Pastoralists in poverty struggle with commercialisation of livestock

The issue of pastoralist vulnerability in Ethiopia, and how best to respond to it, remains a key development challenge. Different actors have different perspectives, but in more recent development debates, pastoral destitution and poverty are often attributed to conflict, climate change and weak governance. This report uses an alternative entry point to analyze pastoralist vulnerability, being the longstanding trend of commercialization of pastoral production and marketing systems and especially, export‐orientated commercialization. While exports are generally viewed as beneficial by government and donors in terms of promoting national economic growth, less well known are the impacts of commercialization in pastoral areas and the extent to which growing markets and trade contribute to vulnerability.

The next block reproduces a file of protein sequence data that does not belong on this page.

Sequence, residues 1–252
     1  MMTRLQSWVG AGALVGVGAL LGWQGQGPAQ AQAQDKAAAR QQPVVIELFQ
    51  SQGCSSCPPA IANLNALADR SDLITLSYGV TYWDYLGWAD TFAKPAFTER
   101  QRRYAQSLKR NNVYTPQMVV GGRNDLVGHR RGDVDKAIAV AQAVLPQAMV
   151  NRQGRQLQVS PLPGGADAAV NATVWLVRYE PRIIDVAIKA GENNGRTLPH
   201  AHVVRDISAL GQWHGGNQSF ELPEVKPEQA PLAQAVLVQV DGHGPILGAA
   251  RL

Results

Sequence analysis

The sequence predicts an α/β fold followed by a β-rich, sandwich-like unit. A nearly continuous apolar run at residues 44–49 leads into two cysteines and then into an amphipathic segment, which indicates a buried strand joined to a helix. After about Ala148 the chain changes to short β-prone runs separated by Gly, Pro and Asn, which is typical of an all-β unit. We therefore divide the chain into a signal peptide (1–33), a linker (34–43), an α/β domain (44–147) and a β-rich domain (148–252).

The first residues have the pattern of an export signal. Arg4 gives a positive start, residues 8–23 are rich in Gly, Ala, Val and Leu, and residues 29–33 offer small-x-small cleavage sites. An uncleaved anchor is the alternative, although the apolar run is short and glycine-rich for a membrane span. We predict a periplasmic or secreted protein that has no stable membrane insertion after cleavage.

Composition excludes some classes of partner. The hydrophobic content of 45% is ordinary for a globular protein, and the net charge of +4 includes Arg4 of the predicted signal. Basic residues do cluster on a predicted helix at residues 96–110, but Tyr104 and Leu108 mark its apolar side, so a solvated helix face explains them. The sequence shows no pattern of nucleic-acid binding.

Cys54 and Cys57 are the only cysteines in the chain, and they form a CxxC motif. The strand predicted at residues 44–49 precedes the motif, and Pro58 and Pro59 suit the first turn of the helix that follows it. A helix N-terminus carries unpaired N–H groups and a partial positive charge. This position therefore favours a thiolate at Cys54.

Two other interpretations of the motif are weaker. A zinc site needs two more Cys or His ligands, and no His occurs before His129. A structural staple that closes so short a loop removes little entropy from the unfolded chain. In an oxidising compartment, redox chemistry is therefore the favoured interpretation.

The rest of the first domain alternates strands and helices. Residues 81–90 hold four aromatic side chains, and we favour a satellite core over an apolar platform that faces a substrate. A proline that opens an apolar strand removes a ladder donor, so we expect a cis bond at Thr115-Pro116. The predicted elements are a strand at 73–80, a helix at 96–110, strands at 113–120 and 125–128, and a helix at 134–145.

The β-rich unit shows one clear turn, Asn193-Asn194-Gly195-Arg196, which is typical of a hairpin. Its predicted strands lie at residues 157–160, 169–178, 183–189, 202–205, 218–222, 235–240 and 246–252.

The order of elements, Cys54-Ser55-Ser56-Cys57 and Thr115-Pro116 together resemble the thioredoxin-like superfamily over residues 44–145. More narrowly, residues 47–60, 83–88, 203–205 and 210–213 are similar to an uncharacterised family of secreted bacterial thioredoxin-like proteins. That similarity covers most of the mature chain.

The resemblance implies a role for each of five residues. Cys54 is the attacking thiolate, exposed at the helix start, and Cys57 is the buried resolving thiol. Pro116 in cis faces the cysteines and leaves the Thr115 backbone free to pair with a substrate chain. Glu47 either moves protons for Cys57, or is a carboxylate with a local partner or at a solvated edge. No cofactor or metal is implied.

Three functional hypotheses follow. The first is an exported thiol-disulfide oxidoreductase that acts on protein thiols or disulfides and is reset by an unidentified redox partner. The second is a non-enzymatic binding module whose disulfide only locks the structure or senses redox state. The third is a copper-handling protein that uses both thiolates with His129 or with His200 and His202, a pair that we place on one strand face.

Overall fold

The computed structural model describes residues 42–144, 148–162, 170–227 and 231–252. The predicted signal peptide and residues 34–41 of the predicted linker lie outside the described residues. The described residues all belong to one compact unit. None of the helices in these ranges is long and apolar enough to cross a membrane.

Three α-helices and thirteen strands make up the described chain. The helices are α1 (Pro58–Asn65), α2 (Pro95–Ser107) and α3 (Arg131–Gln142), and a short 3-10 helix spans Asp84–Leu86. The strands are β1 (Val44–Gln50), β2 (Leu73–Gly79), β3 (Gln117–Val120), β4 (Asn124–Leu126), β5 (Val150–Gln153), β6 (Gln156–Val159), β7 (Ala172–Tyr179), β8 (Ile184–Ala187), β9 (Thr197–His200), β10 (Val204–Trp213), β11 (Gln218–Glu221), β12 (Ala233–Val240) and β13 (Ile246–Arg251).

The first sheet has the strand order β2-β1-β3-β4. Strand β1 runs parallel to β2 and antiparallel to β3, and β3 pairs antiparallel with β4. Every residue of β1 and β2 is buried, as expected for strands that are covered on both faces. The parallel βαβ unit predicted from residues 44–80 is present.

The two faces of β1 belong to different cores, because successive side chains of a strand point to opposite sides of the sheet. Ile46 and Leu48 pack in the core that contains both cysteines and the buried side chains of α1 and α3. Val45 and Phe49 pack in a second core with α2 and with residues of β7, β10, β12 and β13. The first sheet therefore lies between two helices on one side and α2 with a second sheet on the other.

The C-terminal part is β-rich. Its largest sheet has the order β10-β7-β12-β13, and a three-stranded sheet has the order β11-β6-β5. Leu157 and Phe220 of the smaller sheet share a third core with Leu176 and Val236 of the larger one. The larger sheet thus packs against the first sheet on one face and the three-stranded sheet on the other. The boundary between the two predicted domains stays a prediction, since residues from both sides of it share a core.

Commercialization raises the bar for poor pastoralists, making it more difficult for them to build or sustain herds, or withstand drought. While some poor or destitution households can return to pastoralism, the majority will remain on the margins and ultimately, fall out of the system. The report tries to answer questions around commercialization by focusing on two pastoralist areas of Ethiopia which are described as ‘high export’ areas.

The entire report Mind the Gap (555) can be read here!

Posted on 5 April 2011 in Pastoralism & Marketing, Pastoralism & Natural Resources, Value of Pastoralism